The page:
(Contains spoilers) Walter Huston and Ruth Chatterton are a married couple from the small town of Zenith somewhere in the Midwest. He has a big car manufacturing company. They each have a lot of money. He retires, and she wants to see the world. He doesn’t, but he is used to catering to her. They leave on the Queen Mary and already the trouble begins. David Niven begins making love to her (back when that meant courting her). Later she acquires an Italian swain, and after that a young German baron. She gets so caught up in her mad social swirl that she can’t even be bothered to return to Zenith to see her newborn grandson. That would make her feel … old, you see. Walter puts up with it for a long time, but eventually she tells him she wants a divorce and she intends to marry ze Nazi. Okay, he’s not really a Nazi, but he has a mother, ze Baroness, who could give Hitler a run for his money when it comes to implacable hostility. She vill not allow her lieber junge to marry a voman zo old, because she cannot give him kinder. She is crushed, and tries to weasel her way back into Walter’s affections, just as he has found a woman he loves, Mary Astor. He almost goes back to Ruth, but comes to his senses at the last moment.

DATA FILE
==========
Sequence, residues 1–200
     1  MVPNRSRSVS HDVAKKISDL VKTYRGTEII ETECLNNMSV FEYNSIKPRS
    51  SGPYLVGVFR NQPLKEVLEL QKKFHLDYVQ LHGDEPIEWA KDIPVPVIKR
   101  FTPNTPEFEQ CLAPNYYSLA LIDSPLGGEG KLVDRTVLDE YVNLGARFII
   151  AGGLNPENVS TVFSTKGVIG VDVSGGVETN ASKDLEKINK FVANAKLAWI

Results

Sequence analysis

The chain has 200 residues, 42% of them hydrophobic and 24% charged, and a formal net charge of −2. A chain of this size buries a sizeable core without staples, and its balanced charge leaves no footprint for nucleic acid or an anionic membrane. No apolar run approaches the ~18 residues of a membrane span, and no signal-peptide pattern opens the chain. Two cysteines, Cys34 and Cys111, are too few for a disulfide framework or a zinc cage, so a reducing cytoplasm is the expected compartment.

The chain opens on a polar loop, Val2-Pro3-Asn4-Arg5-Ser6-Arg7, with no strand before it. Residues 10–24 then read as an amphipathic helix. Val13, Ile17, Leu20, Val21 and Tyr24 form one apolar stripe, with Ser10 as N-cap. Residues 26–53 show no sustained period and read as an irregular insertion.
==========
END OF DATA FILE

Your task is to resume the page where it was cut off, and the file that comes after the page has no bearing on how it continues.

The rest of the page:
From our perspective it doesn’t really seem like much, other than that it is very well written and acted. It was nominated for Best Picture. However, you have to remember the horrible Hayes Code to appreciate what a breakthrough it was. This was the first movie—the very first one!—to come out of Hollywood where a man divorces his wife and does not suffer any bad consequences. Back then, any illegal, immoral, or just plain distasteful behavior had to be punished somehow in the last reel. Before this, he would either have had to come back to her, awful as she was, to show his tragic longsuffering loyalty, or left her and be hit by a train in the last scene. It was a small step—they still always slept in separate beds, as all married screen couples did back then—but it was a step in the right direction.